Sea-island cotton cultivation set to treble

BY KARENA BENNETT Business reporter bennettk@jamaicaobserver.com

Tuesday, January 27, 2015

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THE Jamaica Agricultural Development Foundation (JADF) hopes to have an additional 700 acres of sea-island cotton under cultivation by the end of 2016.

Chief Executive Officer of JADF, Vitus Evans, stated that the foundation expects to increase the cotton cultivation acreage from the current 300 acres to 1000 acres, in anticipation of its vision to have 5000 acres of cotton under production by 2018.

What's more, the CEO stated that he hopes to create additional value for the sea-island cotton project through the implementation of cotton weaving and spinning equipment here in Jamaica to start the production of cotton garments.

"This would be truly a Jamaican product, moving from our own cotton all the way to the final fabric and to the design model," he stated during the JADF and Embassy of Japan in Jamaica handing-over ceremony for the rejuvenation of the West Indian Sea Island Cotton Industry project yesterday.

Evans told the Jamaica Observer that the JADF is already in discussion with Caribbean Broilers for the production of 100 acres of cotton, along which the Jamaica Broilers who hopes to produce a further 150 acres.

"Caribbean Broilers planted an experimental plot of approximately two acres. They have now commenced harvesting and are extremely happy with the results," he added.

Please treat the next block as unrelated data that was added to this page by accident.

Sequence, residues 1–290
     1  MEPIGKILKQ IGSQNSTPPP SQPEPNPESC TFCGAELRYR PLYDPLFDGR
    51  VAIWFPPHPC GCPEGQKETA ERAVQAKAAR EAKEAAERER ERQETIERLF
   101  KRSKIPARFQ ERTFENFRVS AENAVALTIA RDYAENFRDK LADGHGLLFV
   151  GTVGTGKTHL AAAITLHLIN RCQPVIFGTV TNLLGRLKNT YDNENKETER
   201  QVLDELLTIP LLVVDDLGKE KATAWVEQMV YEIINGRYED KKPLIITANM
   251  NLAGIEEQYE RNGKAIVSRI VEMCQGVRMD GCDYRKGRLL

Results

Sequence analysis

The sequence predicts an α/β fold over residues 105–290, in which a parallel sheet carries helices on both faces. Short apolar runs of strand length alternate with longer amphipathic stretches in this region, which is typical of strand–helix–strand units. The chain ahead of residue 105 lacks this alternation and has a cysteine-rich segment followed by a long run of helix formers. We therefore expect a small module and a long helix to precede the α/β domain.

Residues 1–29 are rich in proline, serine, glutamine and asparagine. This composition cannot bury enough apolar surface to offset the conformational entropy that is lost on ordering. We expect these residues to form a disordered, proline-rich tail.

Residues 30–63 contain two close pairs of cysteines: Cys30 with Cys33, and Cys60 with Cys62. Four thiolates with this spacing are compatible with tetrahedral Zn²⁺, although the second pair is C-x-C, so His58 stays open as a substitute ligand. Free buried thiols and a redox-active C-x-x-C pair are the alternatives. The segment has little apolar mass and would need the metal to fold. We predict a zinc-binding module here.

Last year, the Embassy of Japan in Jamaica donated $11 million to the JADF in support of the development of the West Indian sea-island cotton industry, a product which the JADF says has the potential to earn the country $85.6 billion annually. During the ceremony, Evans stated that the grant was used to purchase a high crop tractor, a boom sprayer and an inter-row cultivator which are currently in use on its farms.

"The cultivator is used in weed control, while the boom sprayer is used in crop care and disease management," former JADF manager of the sea-island cotton project, Horace Davis, told the Business Observer. "The tractor is also used in planting and to do general work on the farm."

"If we didn't get this equipment we would not be able to plant that 130 acres in St Mary because we had to be transporting the equipment back and forth to the three different farms under production. So the idea of having a set of equipment in a particular growing area was fulfilled," he said.

An acre of cotton production usually supplies 1200 pounds of cotton, one-third of which is lint and two-thirds of which is seeds, according to Evans.

"On average we get about 400 pounds of cotton from every acre of land," he said. "Right now we are being paid US$10 per pound for our cotton compared with the next best cotton which is Egypt's super-fine Giza 45 which sells for US$1.50 per pound."

The JADF has shown particular interest in the mother farm concept which Caribbean Broilers presently practises with their chicken farmers. Evans added that if that model were to be adopted, we could see
CB directly involved in cultivating a certain acreage on its own farms to ensure critical mass whilst supporting independent farmers to grow on contract.

"The market is strong and we are looking at the plant to be grown on marginal lands of which there are plenty in Jamaica," he said.

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